I do think we need to make this decision carefully. It seems as if most prior polls have overestimated our performance when recognition of our relationships has been put to voters (in Cali in ’08, in Maine and in Washington in ’09, etc.) and, after all, we lost by about five points just two years ago despite a massive turnout of young voters for then-Senator Obama. No doubt you are correct that we should not take a victory at the polls for granted in 2012. Also, contrary to what some have suggested on this site and others, another defeat at the polls would harm our efforts – not irreversibly, but no doubt a defeat would be a bad thing in terms of its impact on our efforts to persuade voters and legislators in other jurisdictions and in terms of its impact on judges in the middle, who are sensitive to evolving public opinion on issues such as this.

    Having said all of this, if we conclude that we have a high degree of confidence that we can prevail in 2012, I think that we should most definitely move forward. I say this in large part because, quite the opposite of feeling that it’s bad precedent to willingly submit our inalienable rights to a popular vote, I believe that, in circumstances such as these, our worldwide struggle for equality could get a boost from popular validation by the voters of California that no court victory could ever deliver. Any court decision in our favor will certainly be attacked as the work of “activist” judges usurping a role not intended for them and substituting their personal preferences for those of the populace. While such attacks reveal a woeful misunderstanding of the most important function of the judiciary in our system of government, they nonetheless have proved quite effective in the past and have even engendered backlashes against us. On the other hand, having the voters of California themselves reverse their prior verdict on this issue and sanction marriage equality would be a shot heard round the world, from Maryland to Minnesota to Denmark to France to Ireland to Uruguay. People would take note and the tide surely would have turned irreversibly.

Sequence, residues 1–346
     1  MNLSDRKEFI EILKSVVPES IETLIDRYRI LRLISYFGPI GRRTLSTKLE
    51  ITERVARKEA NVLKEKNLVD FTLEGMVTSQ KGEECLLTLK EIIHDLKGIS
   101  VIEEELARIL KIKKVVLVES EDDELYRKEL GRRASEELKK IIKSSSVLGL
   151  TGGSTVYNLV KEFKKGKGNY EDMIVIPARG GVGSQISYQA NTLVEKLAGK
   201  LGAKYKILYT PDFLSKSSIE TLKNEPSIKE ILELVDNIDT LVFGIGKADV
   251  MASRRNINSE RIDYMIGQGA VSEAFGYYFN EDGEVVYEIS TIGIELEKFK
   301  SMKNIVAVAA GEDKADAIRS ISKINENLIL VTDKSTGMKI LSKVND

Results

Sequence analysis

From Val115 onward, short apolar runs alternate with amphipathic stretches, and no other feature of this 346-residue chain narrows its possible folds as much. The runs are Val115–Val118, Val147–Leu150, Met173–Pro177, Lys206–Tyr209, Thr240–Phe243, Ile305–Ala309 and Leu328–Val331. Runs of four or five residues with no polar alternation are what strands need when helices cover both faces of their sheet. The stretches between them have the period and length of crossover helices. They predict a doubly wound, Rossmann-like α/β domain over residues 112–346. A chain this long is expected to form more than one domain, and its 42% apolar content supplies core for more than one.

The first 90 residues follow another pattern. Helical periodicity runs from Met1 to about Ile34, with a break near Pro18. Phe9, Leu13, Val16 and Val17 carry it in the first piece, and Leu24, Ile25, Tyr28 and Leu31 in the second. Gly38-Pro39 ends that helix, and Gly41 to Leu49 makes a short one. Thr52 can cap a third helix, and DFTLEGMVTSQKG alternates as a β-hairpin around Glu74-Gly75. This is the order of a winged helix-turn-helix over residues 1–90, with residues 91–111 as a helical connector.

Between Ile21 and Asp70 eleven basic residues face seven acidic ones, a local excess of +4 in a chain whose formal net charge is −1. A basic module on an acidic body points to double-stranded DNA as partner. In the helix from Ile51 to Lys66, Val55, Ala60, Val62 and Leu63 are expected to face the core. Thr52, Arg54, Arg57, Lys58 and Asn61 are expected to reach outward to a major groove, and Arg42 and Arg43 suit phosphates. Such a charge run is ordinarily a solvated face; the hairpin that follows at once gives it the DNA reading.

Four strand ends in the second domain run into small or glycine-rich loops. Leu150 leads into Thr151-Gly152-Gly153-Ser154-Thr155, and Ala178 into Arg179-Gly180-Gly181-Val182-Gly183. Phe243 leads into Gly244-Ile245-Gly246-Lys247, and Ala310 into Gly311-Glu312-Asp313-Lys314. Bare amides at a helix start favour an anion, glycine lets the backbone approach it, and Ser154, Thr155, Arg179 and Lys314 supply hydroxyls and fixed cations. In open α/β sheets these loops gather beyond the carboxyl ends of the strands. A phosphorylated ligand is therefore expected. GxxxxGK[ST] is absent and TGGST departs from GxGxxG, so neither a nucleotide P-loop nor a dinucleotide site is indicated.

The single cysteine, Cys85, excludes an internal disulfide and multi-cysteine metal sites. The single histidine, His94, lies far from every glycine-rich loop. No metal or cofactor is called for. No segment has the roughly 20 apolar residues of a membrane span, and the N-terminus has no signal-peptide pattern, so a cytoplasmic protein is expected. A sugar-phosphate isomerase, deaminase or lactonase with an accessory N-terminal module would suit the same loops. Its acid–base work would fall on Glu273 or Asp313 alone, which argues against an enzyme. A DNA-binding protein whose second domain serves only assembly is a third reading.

One final note. Concerns about 2016 need play no role in this discussion. We may ultimately conclude that we are not confident enough of victory in 2012 to put this issue back on the ballot at that time but, if we do and if we in fact prevail, the chances that Californians would again reverse themselves in the future seem remote (and, indeed, I’d worry more about 2014, given the more conservative composition of midterm election voters, than 2016). Acceptance of marriage equality will have continued to increase at the impressive pace we’ve seen of late and even some of those who’d been on the fence but would have voted against changing the status quo when the status quo meant discrimination would similarly opt against changing the status quo when the status quo means equality.